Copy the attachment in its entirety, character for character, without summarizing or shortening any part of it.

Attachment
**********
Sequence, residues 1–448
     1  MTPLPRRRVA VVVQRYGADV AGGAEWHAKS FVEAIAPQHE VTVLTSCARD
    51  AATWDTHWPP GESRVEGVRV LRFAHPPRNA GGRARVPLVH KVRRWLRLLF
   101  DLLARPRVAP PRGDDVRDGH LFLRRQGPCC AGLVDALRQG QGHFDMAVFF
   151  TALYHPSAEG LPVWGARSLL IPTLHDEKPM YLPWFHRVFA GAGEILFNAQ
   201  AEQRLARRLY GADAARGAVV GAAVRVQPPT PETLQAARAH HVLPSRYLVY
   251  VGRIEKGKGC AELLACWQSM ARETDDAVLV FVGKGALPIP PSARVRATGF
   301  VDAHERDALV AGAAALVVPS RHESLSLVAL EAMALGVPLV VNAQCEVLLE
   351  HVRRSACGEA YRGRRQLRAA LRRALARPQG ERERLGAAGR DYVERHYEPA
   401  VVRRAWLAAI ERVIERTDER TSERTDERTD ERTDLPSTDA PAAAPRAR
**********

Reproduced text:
Sequence, residues 1–448
     1  MTPLPRRRVA VVVQRYGADV AGGAEWHAKS FVEAIAPQHE VTVLTSCARD
    51  AATWDTHWPP GESRVEGVRV LRFAHPPRNA GGRARVPLVH KVRRWLRLLF
   101  DLLARPRVAP PRGDDVRDGH LFLRRQGPCC AGLVDALRQG QGHFDMAVFF
   151  TALYHPSAEG LPVWGARSLL IPTLHDEKPM YLPWFHRVFA GAGEILFNAQ
   201  AEQRLARRLY GADAARGAVV GAAVRVQPPT PETLQAARAH HVLPSRYLVY
   251  VGRIEKGKGC AELLACWQSM ARETDDAVLV FVGKGALPIP PSARVRATGF
   301  VDAHERDALV AGAAALVVPS RHESLSLVAL EAMALGVPLV VNAQCEVLLE
   351  HVRRSACGEA YRGRRQLRAA LRRALARPQG ERERLGAAGR DYVERHYEPA
   401  VVRRAWLAAI ERVIERTDER TSERTDERTD ERTDLPSTDA PAAAPRAR